Graduates grasp their sporting chance on foreign fields
European rugby has opened doors for Irish experts in sports science, says Marie Crowe
This time last year, 23-year-old Laois footballer Kevin Smith was preparing for the Leinster championship and in the final stages of a sports science degree at the University of Limerick.
He was facing an insecure future though as jobs in his field are few and far between. Now, 12 months on, Smith lives in Paris and works as a strength and conditioning coach for Stade Francais under the stewardship of Michael Cheika.
It all started for Smith during a work experience placement at Leinster rugby while Cheika was in charge. When he finished his course last April, he got a call from Cheika's backroom team offering him a position in Paris with the strength and conditioning team at Stade Francais.
Smith was in his first season as a senior footballer with Laois and had put in a hard pre-season and league campaign but, after deliberation, he decided it was an offer he couldn't refuse.
Cheika, in his first year with Stade Francais, has started putting together his own team and back-room set-up, just like he did when he arrived in Leinster.
"It's a rebuilding year for Michael (Cheika), the way he wants things done is being put in place," says Smith. "And that's from the strength and conditioning side of things too, the programmes are being put in place with the future of the team in mind."
The core responsibilities of the strength and conditioning coaches are to manage a weights programme particular to a player's position. All players have different needs and it's their job to tailor plans to suit every individual player. That can vary from power to strength or endurance and each specific programme is implemented in a scientific way to get the best results.
In Paris, there are three coaches running the programme and Smith is their assistant. He works hands-on with all the big-name players like the Italian duo of Sergio Parisse and Mauro Bergamasco, French internationals Dimitri Szarzewski, Julien Arias and Pascal Pape and English players Tom Palmer and James Haskall. Although Smith is a GAA man and has no background in rugby, it hasn't affected his job. Initially he had to do some extra work in order to get to know the specific role of each player but that wasn't difficult.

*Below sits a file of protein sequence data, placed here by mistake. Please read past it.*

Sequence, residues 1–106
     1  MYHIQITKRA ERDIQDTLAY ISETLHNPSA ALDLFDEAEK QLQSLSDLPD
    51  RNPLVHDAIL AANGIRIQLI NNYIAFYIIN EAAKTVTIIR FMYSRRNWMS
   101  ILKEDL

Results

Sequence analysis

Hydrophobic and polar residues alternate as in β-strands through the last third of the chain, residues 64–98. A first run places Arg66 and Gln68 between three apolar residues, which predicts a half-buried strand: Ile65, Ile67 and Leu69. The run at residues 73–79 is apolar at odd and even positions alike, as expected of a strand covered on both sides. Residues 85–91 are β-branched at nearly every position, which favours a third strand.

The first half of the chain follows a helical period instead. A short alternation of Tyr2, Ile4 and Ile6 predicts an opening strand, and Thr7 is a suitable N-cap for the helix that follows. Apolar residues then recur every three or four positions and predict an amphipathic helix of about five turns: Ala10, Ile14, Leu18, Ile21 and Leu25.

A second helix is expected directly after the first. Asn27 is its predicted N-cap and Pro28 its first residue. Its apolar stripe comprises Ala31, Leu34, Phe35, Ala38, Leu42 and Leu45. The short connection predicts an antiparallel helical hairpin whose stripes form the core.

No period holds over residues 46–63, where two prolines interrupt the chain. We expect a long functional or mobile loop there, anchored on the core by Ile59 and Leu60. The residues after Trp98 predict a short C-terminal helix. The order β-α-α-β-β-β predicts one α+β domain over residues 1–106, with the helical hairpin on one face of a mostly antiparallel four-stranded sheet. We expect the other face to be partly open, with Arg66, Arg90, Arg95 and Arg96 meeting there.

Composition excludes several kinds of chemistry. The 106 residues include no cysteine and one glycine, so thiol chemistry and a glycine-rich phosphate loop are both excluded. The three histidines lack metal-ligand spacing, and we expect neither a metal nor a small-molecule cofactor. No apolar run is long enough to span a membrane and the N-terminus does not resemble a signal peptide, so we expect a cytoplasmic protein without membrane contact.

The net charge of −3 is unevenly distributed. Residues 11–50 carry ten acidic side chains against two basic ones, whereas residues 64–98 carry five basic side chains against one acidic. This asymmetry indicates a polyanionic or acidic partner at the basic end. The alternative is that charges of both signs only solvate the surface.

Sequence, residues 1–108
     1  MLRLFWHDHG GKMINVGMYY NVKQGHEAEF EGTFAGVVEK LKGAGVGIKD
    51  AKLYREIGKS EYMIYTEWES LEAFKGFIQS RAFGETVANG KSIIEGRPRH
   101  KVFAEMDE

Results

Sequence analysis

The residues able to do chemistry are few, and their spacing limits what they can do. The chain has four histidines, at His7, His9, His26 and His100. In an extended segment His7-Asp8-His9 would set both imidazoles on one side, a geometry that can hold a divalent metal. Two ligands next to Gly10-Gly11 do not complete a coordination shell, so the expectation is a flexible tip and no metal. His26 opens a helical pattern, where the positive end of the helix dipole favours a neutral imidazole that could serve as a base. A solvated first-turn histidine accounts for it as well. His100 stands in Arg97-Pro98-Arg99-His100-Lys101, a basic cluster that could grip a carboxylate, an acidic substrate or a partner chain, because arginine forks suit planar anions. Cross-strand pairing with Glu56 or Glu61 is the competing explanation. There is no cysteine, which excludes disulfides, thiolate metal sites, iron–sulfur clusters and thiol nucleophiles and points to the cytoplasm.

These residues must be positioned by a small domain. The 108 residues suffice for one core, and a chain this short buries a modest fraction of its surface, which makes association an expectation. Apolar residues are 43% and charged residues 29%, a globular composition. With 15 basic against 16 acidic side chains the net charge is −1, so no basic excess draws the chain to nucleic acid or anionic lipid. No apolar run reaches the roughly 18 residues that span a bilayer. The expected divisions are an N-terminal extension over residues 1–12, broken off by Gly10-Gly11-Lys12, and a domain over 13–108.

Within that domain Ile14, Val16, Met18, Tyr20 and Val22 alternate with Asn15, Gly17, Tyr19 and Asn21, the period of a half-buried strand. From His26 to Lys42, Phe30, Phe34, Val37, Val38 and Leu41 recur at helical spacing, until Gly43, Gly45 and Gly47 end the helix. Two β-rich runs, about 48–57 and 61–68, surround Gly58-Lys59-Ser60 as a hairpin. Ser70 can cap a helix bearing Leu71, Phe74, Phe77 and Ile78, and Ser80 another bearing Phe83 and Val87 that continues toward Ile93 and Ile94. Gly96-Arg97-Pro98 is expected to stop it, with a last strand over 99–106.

"It was probably an advantage that I'm not a rugby expert. I came into the job not knowing who many of the big players were, that way I wasn't in awe of anyone when I started," said Smith.
"For me, some of the big names are just guys in the gym, and if they didn't do their programmes it's up to me or one of the other guys to tell them to work harder. So I really went in with no fear."
Smith is part of a developing trend of young educated Irish people in the field of sport science and physiotherapy who are leaving the country in search of work.
London Irish have also snapped up some of Ireland's most talented graduates. Dubliner Allan Ryan is the head of strength and conditioning there, Declan Lynch from Limerick is head physio and Kerryman Colm Fuller also forms part of the physio team.
"The thing about rugby is you get different types of contact injuries, you see everything from broken fingers to long-term spinal injuries," said Fuller. "That's one of the biggest advantages of working in rugby -- you get a lot of experience because players can have trauma-related injuries but you also get musculoskeletal injuries of every kind."
Before joining the Exiles, Fuller had just completed a musculoskeletal masters. He always wanted to work in sport but knew the job prospects in Ireland were limited. However, because of the club's central location in London, he comes into contact with many of Ireland's top players and as a result maintains links with home.
"One of the good things about the job is that we still get to deal with players from Ireland. We often get calls in relation to injured Munster players about surgeons based in London," said Fuller.
"At London Irish, we have a network of top surgeons that we have access to. We have a nearby MRI centre where we can get someone scanned within 24 hours. Everything is very accessible here. In Ireland, nearly all sports players go to Santry and they may have to wait a few days to get a scan because it's so busy there."
Working pitchside in top-level sport is a dream job for many Irish people. Fuller sees himself as privileged to be working with London Irish. However, he would love to be doing the job in Ireland but for now returning home is not an option.
Sunday Indo Sport